A carer’s tale
Please read my stories with an open mind and heart. I write these stories as entertainment and to record my stories as a carer not to blame or offend anyone.

Different dementia patients handle reality differently. The majority is aware that they have a memory problem. It can be challenging both for client and carer.

A week ago Mr.J. and I visited a program called Cognitive Therapy which is designed for dementia patients in order to support them in maintain their cognitive freshness. The program last for 9 weeks. Each week there is a different topic to discuss and word and memory games to play. It is rather enjoyable for both patent and carer.

As soon as we arrived, Mr. J. launched himself into boasting about how well his memory serves him, how well he remember his past, where he is from, etc. It was a bit interesting but everyone was very polite and kind so they listened attentively. During the two-hour program people and their carers played word games and talked about current affairs. Mr.J struggled but tried his best to participate. He chatted with different members of the group and seemed to enjoy himself.

At the end of the program, however, he went up to the program leader and talked to her. Later the program leader shared with me what the discussion was about. It turned out that Mr. J. claimed to be too busy to be able to attend the program further. He finds the trip to the program venue too long (20 minutes), he has a wife to attend to, a house to maintain, and many club programs to attend. None of it was true! I was shocked how elaborate the plot was considering that Mr. J. suffers from on-set dementia.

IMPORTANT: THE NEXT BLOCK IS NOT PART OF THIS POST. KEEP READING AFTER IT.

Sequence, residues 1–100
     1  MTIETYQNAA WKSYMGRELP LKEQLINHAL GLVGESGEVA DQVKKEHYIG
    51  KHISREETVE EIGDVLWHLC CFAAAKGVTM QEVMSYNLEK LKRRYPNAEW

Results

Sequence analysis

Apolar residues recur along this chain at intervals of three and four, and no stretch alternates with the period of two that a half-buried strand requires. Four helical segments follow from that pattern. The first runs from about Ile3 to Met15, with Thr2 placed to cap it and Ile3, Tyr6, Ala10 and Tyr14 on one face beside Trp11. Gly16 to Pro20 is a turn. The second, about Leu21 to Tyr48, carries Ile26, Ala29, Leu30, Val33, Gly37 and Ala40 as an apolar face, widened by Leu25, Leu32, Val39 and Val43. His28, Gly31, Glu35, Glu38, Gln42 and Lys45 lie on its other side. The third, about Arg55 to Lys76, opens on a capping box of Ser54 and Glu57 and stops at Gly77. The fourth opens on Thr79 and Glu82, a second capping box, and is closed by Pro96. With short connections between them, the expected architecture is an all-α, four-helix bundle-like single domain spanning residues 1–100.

A couple of days later, I mentioned to him that we are to attend the next program in a couple of day and he has some homework to do. The first question was the name of the place he was born. He did not remember it. Suddenly, ha launched himself into a lengthy explanation of why he cannot attend the program. He told me a rather similar story to the one he gave to the program leader, except, I lived with him so I was completely aware of the reality of his life.

It suddenly downed on me, he actually believes this false reality he created in his mind. In his delusion, he is the perfect man who takes good care of his wife – who, by the way, is in a home because the doctor’s office is too far away -, he takes care of the house and the garden, he is a member of different clubs, has an extensive family visiting him regularly and many friends to go out with. He does not need more friends, particularly, not one of those disabled one attending the program.

It is rather sad to see how our engraved beliefs prevent us from having some fun and enjoy what life offers us. This poor man lives day after day within the walls of a house with the only option to go out into the garden when the weather permits it only because he cannot stand the thought to appear less than perfect.

hads in the clouds